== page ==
Much energy is wasted in justifying the existence of a small marginal community in relation to the mainstream churches, which don’t want the “rabble” in any case. Saying – We are not like you but are like you and share in your priesthood provokes no end of polemics and the answer comes back, saying – You are copying us to take our faithful and our money, and you have no right to exist!

It really does seem to me that if the “indie” world has any value, and I believe some elements have, the only future I can see is indeed a kind of “secular monasticism” and a ministry of availability to the world and all who come our way.

I would certainly appreciate comments if they show compassion and empathy. Make the effort and perhaps the conversation can go wider and deeper.

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3 Responses to Further on the “indie” conversation

  1. AbpLloydOSJV says:

    I’m afraid, what one can’t get away from – whatever nomenclature or polity one elects – is that people will always ask how one’s particular church fits in with the wider, Universal Church. This is most especially true for anyone claiming to be “Catholic” (or Orthodox). I imagine in America this is lessened to some extent, there being such a wide variety and plethora of denominations and sects and historically and thus culturally no “establishment” concept for any particular church. In Europe however, the “established” Churches still retain a significant influence in the public and social sphere, such that is it nigh impossible to operate anywhere without being compared to them. The issue for “Continuing” Anglicans in the UK is the constant reference to the Church of England, and for any “Catholic” party is the overbearing presence of Roman Catholicism everywhere else.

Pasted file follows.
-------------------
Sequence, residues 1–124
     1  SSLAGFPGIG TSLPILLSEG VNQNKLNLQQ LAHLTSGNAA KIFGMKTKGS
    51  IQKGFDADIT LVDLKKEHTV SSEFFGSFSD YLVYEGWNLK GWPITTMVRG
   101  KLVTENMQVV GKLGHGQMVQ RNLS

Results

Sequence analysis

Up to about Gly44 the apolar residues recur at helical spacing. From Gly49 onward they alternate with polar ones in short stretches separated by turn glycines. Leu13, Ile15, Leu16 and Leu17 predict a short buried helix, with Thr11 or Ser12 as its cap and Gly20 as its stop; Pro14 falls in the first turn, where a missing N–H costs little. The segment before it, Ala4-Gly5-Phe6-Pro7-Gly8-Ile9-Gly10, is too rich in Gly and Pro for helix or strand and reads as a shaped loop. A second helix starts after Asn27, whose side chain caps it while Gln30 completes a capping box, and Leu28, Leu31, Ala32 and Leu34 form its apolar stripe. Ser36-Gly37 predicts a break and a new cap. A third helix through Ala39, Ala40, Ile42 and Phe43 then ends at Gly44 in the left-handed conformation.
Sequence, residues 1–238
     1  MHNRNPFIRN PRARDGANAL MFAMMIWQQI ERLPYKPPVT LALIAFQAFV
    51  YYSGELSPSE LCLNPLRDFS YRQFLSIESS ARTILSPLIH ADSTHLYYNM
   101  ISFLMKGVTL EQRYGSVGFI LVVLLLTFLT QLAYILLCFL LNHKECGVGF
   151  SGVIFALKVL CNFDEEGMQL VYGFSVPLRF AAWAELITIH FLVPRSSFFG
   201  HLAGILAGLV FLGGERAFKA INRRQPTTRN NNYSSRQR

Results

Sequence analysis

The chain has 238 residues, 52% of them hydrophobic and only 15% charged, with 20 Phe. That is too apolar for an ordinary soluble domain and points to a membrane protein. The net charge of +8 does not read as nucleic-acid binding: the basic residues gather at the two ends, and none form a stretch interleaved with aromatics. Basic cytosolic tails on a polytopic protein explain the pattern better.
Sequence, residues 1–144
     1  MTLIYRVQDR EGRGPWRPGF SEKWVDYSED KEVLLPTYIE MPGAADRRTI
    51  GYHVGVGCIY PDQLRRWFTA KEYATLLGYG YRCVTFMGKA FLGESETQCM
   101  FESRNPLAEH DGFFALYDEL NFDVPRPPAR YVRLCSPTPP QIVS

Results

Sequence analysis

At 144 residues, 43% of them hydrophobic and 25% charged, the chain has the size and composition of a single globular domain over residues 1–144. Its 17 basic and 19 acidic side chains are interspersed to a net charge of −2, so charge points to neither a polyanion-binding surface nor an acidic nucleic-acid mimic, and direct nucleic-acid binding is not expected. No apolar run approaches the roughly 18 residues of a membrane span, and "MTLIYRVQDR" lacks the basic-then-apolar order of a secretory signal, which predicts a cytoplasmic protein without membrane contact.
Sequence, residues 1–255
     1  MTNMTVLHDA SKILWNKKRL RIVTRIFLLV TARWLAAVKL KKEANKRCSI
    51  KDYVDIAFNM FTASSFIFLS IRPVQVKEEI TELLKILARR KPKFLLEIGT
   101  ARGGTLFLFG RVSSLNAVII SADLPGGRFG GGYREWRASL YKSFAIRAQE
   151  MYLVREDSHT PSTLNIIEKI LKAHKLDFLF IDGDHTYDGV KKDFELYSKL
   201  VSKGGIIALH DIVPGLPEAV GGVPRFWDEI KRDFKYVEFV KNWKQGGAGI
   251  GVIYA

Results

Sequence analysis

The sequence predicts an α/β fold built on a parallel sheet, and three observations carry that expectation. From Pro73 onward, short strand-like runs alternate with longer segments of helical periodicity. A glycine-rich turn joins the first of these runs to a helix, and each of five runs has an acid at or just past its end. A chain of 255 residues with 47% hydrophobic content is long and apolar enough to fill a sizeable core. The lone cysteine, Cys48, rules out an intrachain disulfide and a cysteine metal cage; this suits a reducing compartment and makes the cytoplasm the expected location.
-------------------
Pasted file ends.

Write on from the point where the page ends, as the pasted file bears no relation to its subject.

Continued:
It has been my experience thus far that the only way to counter this handicap is a) to be bold about one’s tradition i.e. justification for existence, being clear to explain it and preferably with as much “fact” as possible, both historical and theological so that “it is there” for anyone to see and read on websites or publicity materials and b) be as active as possible in the local community, thus proving by “faith and works” the sincerity and credibility of one’s ministry. In this respect it is incredibly important to be known ecumenically – in Europe we have ecumenical groups like “Churches Together” of one kind or another across the continent – wherever possible, one should ensure membership at the local level. This provides a) the opportunity to explain oneself and b) perhaps more importantly, provides an opportunity for others to ask about one’s Church and ministry directly and c) prevents (or at least lessens) the ability of others to create gossip, be totally dismissive or cause scandal through ignorance. It may also provide opportunities in partnership and resources to enable or share in various kinds of apostolate. At the end of the day, it is about “community” – one’s own and the wider community in which one lives and operates and the relational aspect, internally and externally.